ORLEANS — Two prospective marijuana businesses, Ember Gardens and Seaside Joint Ventures, got the OK from the Orleans Select Board on Wednesday night to work out host agreements with the town.
Dune Wellness was selected as the alternate should either company fail to make it through permitting, leaving two additional applicants, the Strain and Bwell, out in the cold.
Much of the discussion centered on the scoring system town officials developed to rank the applicants in 14 categories. The town can permit only two retail outlets for cannabis under zoning rules.
The applicants were ranked on experience in the industry, business experience in Orleans, the soundness of their business plan, youth safety, abuse prevention, commitment to diversity and local hiring, traffic and parking, security, employee training and overall completeness of the application.
The hope, as Town Administrator John Kelly said, was that numerical rankings would sort out the applications, providing some separation based on rigorous grading in what was essentially a procurement process. Instead it produced a virtual four-way tie.
Ember Gardens had the highest combined average at 100.8 followed by Bwell at 99.8, Seaside Joint Venture at 97.2, Dune Wellness at 96.6 and the Strain at 80.
Ember Gardens has proposed to open on the four-lane section of Route 6A opposite the Lobster Claw and next to Nauset Marine. The Lobster Claw has closed and will become a medical center if all plans are approved.
The Ember Gardens building is currently a home that once held a blacksmith shop. It would expand the building with an addition, maintain the Cape Cod façade, and add parking and another exit.
“Our goal is to fit into the Cape and to enhance it. It’s a beautiful old property,” Chief Operating Officer Dan Gillan told board members. Ember also has been approved to operate a retail shop on Newbury Street in Boston.
Gillan vowed that the business would deal with traffic on Route 6A.
“That’s a valid concern,” Gillian said. “Our plan there is robust. We plan plenty of parking as well as a two lane road in and out. So we will expand the driveway. We are also planning with the local police for any traffic detail that may be needed.”
Seaside Joint Ventures has proposed opening its shop at 14 Lots Hollow Road in what was an insurance office on 0.85 acres flanked on both sides by an Agway operation. The municipal transfer station is on Lots Hollow Road as well as the wick wells for the sewage treatment plant (both under construction). That’s also the way to a Toyota dealership and Charles Moore ice rink.
Board member Kevin Galligan made a motion to invite Seaside Joint Ventures to negotiate a host agreement with Orleans.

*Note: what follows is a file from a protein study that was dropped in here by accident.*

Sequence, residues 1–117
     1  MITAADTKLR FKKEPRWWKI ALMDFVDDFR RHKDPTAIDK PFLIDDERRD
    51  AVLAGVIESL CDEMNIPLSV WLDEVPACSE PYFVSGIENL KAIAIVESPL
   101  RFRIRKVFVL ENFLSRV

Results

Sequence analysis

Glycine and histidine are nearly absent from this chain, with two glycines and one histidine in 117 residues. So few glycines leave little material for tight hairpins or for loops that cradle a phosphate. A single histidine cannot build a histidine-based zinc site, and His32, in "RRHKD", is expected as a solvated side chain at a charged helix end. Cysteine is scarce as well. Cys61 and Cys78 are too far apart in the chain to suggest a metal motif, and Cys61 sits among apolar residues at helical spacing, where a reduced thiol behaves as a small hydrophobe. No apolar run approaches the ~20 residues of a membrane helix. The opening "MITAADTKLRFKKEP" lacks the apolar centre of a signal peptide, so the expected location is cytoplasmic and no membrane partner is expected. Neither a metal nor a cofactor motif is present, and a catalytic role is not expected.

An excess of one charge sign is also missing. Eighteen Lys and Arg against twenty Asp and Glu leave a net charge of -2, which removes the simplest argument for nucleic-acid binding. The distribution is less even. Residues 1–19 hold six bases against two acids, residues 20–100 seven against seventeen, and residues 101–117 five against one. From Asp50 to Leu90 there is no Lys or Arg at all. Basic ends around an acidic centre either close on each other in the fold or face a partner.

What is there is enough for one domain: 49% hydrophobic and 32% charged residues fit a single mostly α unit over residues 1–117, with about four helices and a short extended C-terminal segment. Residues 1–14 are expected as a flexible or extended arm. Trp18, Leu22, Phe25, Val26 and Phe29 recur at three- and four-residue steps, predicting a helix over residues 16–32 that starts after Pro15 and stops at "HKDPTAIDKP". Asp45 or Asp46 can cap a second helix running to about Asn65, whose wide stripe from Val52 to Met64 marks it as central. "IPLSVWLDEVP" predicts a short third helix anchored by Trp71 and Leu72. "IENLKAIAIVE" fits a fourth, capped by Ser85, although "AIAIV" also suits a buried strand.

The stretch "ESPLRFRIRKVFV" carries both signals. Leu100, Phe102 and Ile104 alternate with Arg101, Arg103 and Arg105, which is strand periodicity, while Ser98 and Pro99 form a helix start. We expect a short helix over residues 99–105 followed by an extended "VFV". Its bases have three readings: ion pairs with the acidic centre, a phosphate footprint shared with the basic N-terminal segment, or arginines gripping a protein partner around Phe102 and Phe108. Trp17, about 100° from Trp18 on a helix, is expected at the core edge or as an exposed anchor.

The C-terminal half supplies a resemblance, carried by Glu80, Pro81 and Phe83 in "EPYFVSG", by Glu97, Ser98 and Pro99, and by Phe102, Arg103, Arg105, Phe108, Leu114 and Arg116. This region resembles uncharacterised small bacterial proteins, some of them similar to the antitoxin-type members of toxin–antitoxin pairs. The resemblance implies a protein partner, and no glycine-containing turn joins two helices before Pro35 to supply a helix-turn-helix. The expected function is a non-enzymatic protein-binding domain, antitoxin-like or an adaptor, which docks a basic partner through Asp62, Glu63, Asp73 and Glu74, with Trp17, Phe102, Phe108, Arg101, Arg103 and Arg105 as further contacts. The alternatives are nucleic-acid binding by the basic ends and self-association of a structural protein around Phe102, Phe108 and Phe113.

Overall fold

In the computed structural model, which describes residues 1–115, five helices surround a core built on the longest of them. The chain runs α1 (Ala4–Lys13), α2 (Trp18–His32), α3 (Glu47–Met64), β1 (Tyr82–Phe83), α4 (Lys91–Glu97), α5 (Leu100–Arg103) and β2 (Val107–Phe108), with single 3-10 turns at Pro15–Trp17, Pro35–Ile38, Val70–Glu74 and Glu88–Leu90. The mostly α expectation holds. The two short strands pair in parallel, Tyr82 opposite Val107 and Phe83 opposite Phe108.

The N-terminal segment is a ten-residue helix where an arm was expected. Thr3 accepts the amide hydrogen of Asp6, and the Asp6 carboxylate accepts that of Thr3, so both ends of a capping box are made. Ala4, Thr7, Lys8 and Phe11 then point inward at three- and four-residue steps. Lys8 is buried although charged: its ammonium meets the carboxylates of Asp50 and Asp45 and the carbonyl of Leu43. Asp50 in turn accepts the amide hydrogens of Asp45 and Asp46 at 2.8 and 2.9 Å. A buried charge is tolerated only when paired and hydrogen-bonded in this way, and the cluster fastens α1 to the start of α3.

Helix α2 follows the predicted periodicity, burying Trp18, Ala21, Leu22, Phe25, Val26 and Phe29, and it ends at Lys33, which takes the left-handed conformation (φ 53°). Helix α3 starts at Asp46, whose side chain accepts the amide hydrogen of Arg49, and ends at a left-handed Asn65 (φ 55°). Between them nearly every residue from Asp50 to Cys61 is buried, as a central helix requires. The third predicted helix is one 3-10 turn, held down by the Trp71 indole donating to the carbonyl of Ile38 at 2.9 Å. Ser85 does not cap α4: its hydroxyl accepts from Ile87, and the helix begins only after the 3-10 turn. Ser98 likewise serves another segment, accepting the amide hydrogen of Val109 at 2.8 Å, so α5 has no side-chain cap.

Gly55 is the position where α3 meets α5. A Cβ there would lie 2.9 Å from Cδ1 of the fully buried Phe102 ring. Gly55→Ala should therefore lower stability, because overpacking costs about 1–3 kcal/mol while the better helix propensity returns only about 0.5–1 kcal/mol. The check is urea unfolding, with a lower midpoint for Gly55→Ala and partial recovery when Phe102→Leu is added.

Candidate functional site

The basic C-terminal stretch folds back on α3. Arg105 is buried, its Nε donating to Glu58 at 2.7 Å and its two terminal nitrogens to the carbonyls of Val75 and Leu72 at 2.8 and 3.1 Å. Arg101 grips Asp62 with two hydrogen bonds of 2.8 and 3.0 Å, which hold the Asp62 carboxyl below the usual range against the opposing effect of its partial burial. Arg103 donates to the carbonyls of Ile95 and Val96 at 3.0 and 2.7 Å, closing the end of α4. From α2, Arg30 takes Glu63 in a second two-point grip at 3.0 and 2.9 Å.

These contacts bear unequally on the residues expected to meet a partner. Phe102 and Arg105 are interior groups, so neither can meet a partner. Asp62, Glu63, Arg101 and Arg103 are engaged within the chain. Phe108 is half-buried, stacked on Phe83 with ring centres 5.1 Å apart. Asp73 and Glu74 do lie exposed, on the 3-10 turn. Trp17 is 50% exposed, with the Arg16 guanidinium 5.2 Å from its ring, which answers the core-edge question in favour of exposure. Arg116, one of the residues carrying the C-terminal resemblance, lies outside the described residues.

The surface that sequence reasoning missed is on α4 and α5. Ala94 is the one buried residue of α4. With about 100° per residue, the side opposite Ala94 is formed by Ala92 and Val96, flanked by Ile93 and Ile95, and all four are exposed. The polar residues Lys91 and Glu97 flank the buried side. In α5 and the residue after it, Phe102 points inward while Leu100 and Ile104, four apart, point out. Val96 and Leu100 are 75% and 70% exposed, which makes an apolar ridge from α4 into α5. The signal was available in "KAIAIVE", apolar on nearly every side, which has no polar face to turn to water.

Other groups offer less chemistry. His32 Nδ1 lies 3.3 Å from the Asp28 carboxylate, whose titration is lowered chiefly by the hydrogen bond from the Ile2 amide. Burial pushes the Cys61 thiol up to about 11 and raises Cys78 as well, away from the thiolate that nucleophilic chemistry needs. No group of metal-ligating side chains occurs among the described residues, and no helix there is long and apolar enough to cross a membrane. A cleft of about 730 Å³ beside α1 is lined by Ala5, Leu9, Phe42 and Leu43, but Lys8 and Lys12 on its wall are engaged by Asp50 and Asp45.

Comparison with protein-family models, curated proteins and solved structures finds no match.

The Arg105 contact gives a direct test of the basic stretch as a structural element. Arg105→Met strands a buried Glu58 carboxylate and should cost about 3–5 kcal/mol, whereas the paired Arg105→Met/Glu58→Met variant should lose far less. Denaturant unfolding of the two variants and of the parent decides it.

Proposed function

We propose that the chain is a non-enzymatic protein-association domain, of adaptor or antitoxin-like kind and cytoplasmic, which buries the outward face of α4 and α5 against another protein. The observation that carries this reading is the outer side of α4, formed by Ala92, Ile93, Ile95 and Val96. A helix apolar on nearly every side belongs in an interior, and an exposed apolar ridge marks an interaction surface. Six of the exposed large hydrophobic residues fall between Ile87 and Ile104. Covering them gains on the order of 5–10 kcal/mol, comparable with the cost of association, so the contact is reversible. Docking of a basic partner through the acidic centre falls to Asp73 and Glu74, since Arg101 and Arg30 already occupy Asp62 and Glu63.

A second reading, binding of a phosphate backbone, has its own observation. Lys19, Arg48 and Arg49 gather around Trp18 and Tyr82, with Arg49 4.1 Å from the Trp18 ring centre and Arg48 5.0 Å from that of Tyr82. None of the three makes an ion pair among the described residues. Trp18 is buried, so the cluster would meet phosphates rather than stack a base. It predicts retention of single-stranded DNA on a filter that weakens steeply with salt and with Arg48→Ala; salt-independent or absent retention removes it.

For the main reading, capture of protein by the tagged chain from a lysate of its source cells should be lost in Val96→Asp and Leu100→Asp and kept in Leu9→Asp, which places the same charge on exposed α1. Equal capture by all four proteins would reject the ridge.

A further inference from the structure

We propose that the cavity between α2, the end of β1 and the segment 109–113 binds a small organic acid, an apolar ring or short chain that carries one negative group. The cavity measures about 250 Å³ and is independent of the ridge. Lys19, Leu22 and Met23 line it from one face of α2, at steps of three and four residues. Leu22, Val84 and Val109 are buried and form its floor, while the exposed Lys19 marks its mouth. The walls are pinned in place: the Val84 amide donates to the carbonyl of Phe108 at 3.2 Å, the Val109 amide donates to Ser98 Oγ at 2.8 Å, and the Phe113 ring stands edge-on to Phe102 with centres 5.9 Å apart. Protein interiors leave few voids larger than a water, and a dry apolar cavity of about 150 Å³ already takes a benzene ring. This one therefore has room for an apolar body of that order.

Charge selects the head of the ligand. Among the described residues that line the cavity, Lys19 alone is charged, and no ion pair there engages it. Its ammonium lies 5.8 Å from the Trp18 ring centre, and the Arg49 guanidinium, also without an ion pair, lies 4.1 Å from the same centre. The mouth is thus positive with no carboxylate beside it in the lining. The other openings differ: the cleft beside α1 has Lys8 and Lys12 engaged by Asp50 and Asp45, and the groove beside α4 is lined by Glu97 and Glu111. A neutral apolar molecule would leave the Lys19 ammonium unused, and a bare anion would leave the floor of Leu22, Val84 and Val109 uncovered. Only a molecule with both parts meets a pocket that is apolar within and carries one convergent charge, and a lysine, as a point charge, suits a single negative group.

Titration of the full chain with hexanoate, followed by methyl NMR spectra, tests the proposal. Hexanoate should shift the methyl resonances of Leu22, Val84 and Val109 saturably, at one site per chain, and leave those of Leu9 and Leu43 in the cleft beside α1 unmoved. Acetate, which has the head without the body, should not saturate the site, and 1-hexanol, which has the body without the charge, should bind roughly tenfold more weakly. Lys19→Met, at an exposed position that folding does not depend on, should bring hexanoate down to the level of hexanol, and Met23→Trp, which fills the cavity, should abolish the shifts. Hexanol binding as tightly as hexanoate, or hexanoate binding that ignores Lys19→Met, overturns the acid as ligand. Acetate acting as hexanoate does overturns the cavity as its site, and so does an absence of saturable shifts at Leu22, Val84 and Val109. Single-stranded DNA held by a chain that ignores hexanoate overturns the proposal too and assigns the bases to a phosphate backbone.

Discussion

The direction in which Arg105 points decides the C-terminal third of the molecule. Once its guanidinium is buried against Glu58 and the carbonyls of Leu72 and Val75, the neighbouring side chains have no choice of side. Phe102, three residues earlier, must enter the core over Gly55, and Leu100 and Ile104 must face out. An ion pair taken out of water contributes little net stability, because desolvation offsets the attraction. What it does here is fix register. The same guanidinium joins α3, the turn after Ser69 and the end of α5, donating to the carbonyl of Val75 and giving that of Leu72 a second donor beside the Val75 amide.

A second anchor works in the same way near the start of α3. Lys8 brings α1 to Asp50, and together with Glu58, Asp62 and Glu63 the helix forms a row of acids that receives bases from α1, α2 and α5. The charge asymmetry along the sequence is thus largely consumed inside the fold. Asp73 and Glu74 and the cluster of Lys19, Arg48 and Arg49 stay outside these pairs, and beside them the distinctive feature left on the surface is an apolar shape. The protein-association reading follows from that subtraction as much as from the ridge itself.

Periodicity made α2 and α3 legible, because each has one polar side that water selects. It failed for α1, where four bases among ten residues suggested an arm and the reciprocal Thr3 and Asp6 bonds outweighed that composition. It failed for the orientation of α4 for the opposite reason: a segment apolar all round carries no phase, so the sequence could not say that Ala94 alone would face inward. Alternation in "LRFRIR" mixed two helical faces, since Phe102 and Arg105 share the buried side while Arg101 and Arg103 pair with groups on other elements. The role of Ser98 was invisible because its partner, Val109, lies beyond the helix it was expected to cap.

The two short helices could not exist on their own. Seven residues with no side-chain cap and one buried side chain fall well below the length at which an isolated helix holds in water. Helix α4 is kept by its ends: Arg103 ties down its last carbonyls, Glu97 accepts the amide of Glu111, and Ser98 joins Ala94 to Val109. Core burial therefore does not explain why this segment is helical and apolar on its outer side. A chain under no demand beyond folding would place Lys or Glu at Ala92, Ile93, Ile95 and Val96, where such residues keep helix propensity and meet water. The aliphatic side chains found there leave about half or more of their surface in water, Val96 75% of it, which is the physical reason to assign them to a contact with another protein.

“If you’re talking about parking issues and traffic they’ll be the biggest problem,” board member Cecil Newcomb said. “If you look at their $18 million projection (in revenue) that’s 190,000 cars a year going in and out. That’s an enormous number of vehicles coupled with the dump, Agway and construction there. It’ll be a traffic nightmare.”
In its deliberations, the Select Board was asked to weigh favorably on local connections and business experience on the scorecards.
A.J. Luke of Luke Liquors is the director of inventory of Seaside Joint Ventures, Dave Currier, owner of The Alley Bowling and BBQ in Orleans, and a former select board member, is director of operations. Tim McNamara, of Mashpee, is the general counsel.
“Once we get the manufacturing in place maybe we’ll have up to 25 employees,” McNamara told the board. “The application is based on starting as retail and we’ll build out the manufacturing capacity. It’ll be a warehouse model where we can receive products and where we can deliver.”
Ember Gardens’ Gillan said he and his friend Matt Griffin met with the Route 6A location property owners Mary Ann Tagliaferri and her husband, Fred Fulcher, and created Ember Gardens Cape Cod LLC. Other partners and officers are from Somerset, Fall River and Plymouth.
During the discussion about the applicants, board member Andrea Reed said comments from the public and their sentiment weren’t part of the criteria and should be considered. Chairman Meff Runyon said the board didn’t need to make a decision that night.
Galligan said each applicant had penned a $10,000 check to the town and the board should move things along.
The retail shops will need a special permit from the Zoning Board of Appeals, which would hold hearings where traffic and comments from neighbors can be discussed.